B&D Successfully Defends Important Permit for Consol Energy
Beveridge & Diamond successfully defeated an emergency challenge to a permit issued last month by the Pennsylvania Department of Environmental Protection (the “Department”) to our client Consol Pennsylvania Coal Company, LLC (“Consol”). On April 24, 2018, the Pennsylvania Environmental Hearing Board (the “Board”) denied a Petition for Supersedeas that sought to invalidate a permit authorizing Consol to conduct longwall mining operations beneath a stream in Ryerson Station State Park in southwestern Pennsylvania. (A copy of the opinion is available here.) In holding that the Appellants failed to meet their burden to prevent Consol from mining pursuant to the terms of its permit, the Board observed that “Consol has demonstrated that it has clearly committed substantial resources to develop effective preventive and mitigation techniques to ensure that the environment is protected.”
Appellants filed their appeal on March 21, 2018, alleging that the Department’s issuance of Consol’s permit violated Pennsylvania’s Clean Streams Law and Mine Subsidence Act, as well as Article I, section 27 of the Pennsylvania Constitution (also known as the Environmental Rights Amendment). The Board held a four-day supersedeas hearing on April 5-6 and April 16-17. Appellants and Consol presented expert witnesses in the areas of hydrology, stream ecology, and mining operations, among others. The Department presented expert witnesses in hydrology and stream restoration who had reviewed Consol’s permit application. While Appellants’ testimony focused on hydrogeologic and biological conditions and data submitted primarily in support of permit applications submitted several years ago, Consol’s witnesses discussed the actual data submitted in support of the current permit in late 2017 and early 2018, which reflected current conditions that differed materially from conditions at the time of those earlier submissions.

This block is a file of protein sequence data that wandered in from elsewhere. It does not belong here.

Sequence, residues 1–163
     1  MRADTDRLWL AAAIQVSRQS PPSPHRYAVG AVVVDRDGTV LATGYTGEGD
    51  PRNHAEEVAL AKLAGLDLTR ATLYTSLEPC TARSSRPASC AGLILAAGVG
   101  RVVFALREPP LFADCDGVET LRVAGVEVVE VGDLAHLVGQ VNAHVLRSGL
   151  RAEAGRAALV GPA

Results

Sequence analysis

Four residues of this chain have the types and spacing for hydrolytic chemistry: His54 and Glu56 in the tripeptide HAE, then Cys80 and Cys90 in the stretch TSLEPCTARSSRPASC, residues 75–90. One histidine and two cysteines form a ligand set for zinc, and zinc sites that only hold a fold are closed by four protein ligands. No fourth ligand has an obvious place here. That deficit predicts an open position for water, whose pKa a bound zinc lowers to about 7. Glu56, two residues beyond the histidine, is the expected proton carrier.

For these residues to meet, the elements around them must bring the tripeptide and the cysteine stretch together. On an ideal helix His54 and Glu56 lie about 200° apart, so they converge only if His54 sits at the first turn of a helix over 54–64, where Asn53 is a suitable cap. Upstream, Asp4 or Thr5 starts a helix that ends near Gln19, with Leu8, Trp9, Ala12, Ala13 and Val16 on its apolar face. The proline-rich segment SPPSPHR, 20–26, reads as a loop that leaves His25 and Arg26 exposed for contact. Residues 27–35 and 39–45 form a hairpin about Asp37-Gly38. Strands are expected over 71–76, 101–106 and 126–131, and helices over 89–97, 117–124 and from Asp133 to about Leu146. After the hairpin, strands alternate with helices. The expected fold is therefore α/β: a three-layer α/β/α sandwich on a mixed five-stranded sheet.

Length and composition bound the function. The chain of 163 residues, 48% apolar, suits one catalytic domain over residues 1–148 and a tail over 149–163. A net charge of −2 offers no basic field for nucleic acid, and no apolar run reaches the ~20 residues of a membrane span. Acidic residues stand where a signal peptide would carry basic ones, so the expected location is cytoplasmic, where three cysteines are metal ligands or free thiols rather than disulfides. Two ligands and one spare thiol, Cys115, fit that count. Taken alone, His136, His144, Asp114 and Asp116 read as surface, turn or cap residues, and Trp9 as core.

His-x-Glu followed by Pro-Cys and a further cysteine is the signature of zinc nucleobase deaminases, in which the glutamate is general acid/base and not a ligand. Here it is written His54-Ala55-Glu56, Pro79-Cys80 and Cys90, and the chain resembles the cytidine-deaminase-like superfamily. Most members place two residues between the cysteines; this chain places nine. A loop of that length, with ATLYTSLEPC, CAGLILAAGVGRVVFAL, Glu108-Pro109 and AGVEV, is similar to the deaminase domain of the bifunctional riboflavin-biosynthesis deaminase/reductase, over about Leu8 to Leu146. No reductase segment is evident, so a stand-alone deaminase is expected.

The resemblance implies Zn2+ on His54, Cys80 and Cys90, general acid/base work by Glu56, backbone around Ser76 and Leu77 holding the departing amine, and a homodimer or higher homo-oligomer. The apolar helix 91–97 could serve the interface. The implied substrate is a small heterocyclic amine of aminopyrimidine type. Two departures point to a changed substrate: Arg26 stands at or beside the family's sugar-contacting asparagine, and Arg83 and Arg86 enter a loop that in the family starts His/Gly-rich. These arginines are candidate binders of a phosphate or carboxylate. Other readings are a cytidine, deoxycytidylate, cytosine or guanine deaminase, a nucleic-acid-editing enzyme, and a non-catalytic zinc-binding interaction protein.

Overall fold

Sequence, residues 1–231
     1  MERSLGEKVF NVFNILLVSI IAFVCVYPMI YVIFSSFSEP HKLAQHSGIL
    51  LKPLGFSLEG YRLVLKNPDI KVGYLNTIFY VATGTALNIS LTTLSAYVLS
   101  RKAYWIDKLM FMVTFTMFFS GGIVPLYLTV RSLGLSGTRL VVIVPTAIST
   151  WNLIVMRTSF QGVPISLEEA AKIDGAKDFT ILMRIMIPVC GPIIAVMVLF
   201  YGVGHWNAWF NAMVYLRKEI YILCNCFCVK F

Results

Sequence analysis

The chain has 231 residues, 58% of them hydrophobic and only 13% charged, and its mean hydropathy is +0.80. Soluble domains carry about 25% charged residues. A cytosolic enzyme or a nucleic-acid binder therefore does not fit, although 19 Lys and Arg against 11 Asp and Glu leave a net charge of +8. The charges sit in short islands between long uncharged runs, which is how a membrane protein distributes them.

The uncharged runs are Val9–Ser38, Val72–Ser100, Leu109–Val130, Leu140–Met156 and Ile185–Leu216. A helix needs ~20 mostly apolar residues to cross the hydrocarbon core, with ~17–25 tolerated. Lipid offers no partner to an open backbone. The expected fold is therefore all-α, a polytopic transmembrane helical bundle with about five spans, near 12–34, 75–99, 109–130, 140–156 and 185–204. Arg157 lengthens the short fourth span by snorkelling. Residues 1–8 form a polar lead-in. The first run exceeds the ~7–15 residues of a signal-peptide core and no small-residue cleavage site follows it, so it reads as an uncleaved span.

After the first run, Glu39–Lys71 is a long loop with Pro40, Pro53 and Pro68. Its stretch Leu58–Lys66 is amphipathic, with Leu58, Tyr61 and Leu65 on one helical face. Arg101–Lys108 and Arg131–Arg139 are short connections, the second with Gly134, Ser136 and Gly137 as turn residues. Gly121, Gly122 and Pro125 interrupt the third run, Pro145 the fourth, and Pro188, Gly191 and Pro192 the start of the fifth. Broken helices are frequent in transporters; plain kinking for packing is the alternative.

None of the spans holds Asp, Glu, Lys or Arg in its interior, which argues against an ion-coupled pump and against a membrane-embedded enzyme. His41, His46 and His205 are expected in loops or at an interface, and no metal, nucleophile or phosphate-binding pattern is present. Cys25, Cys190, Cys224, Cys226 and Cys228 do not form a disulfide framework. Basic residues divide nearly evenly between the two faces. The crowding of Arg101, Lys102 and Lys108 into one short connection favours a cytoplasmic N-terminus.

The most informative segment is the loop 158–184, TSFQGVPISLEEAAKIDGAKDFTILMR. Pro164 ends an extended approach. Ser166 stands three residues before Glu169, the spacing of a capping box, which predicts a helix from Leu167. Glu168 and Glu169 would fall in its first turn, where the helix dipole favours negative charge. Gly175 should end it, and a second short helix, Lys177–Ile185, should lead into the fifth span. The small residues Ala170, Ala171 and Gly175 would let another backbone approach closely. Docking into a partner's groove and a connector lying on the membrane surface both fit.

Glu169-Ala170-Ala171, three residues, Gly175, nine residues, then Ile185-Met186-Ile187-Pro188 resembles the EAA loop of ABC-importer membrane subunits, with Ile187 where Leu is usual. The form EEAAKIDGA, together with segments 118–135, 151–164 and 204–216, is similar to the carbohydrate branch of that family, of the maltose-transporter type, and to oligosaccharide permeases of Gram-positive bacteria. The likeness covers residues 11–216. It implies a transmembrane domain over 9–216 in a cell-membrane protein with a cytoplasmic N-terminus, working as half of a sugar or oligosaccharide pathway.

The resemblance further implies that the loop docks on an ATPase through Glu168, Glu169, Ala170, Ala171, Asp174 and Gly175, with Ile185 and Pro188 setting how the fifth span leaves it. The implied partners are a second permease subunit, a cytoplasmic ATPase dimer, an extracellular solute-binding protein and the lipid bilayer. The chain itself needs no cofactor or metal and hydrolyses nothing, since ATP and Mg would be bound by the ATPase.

After hearing testimony and considering the parties’ post-hearing briefs, the Board found “no basis for concluding that the Department acted unreasonably or in violation of the relevant statutes and regulations or Article I, § 27 of the Pennsylvania Constitution when it issued [Consol’s] Permit. . . .” The Board further reaffirmed that neither the Clean Streams Law, the Mine Subsidence Act, nor the Environmental Rights Amendment requires that there be “no impact” to waters of the Commonwealth from activities permitted by the Department, including longwall mining.
This was an important ruling for Consol because the company faced the prospect of significant adverse financial impacts had the Appellants prevailed.